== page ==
Tuesday, November 28, 2006

Paycheck Discrimination: A Big Case

Linda Greenhouse, writing in The New York Times, on the Ledbetter case:

Is each new paycheck, reflecting a salary lower than it would have been without the initial discrimination, a recurring violation that sets the [statute of limitations] clock running again? Or does the passage of time, without fresh acts of intentional discrimination, render the initial injury a nonevent in the eyes of the law?...

[T]he E.E.O.C. ... has long applied what is known as the “paycheck accrual rule,” under which each pay period of uncorrected discrimination is seen as a fresh incident of discrimination. So although the 180-day limit applies to discrete actions like a discriminatory refusal to hire or failure to promote, it does not, in the view of the federal agency charged with administering the statute, prevent lawsuits for the continuing effects of past discrimination in pay.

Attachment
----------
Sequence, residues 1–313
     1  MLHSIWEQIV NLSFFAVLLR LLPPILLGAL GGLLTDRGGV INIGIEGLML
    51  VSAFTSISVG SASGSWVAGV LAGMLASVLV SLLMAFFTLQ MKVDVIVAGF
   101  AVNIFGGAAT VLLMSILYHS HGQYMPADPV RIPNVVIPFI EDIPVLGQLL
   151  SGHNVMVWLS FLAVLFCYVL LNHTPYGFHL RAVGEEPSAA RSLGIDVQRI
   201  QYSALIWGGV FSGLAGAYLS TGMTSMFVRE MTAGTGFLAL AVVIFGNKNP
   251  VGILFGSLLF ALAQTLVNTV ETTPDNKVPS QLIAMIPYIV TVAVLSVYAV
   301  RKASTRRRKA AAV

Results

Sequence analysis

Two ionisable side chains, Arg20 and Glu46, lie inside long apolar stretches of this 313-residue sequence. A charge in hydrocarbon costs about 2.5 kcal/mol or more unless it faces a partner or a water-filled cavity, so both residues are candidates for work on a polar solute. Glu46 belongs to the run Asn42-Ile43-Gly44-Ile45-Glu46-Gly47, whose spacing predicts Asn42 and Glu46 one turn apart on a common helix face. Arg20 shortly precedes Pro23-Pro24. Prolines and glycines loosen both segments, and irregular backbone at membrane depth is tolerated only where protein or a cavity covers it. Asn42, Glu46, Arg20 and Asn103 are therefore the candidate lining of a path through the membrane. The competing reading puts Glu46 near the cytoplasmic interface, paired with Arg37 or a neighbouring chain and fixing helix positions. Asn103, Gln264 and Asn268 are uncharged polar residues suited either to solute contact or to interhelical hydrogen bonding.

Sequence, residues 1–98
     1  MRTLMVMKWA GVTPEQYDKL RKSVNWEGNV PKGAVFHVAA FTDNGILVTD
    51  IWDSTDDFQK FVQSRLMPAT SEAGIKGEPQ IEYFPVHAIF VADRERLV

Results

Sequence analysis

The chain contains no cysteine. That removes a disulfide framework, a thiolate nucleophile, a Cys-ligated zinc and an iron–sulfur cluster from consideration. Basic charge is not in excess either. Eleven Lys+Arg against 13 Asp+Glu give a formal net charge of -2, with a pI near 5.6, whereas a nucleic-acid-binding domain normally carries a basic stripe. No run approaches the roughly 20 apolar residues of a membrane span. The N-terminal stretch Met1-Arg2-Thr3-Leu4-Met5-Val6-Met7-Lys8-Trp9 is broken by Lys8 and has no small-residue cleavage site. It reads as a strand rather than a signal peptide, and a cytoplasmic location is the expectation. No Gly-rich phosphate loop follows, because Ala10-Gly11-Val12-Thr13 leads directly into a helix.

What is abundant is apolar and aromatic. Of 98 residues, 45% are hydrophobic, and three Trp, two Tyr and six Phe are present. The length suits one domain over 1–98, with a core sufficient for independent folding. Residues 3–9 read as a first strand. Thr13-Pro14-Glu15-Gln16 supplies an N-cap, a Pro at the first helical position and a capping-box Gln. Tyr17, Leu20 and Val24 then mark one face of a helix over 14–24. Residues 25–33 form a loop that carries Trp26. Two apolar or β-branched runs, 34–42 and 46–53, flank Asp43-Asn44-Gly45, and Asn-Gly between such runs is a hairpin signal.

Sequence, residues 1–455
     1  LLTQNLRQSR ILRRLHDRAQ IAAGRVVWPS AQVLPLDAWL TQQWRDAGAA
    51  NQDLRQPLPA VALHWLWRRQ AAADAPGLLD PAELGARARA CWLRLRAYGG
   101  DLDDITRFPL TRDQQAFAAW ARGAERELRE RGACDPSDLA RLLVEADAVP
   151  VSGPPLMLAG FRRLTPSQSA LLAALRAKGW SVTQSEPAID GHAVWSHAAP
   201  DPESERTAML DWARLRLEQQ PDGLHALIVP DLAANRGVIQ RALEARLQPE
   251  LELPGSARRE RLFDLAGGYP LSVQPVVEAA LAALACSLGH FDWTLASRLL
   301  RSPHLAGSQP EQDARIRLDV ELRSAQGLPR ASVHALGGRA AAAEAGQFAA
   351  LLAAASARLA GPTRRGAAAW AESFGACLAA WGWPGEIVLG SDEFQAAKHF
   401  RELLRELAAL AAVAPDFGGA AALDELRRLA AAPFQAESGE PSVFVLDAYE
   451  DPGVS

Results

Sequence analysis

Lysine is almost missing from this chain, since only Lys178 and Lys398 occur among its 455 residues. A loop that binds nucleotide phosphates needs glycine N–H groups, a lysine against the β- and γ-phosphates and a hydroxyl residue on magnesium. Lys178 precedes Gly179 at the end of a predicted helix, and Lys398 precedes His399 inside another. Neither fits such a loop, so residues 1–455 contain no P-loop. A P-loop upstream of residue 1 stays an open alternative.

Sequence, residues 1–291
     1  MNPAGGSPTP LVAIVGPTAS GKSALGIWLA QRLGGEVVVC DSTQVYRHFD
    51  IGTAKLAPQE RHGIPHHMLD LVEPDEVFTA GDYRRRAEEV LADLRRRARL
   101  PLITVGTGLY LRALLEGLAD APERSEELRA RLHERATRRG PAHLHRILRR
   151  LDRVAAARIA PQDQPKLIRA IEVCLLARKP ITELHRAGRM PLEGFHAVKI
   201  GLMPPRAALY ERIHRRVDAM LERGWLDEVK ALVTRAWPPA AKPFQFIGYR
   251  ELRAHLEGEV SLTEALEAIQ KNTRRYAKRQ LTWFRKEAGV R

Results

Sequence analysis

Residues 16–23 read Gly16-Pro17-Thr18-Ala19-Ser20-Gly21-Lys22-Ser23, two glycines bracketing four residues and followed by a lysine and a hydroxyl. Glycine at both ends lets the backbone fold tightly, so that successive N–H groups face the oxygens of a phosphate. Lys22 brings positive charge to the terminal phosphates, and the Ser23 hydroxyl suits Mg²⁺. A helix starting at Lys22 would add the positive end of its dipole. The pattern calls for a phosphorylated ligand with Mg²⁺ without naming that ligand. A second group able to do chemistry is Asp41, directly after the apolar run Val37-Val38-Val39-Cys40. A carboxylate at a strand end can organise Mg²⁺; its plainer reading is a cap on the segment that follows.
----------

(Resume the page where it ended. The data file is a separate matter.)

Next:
Further discussion of the Ledbetter case here and here and here.

[HT: Althouse ]

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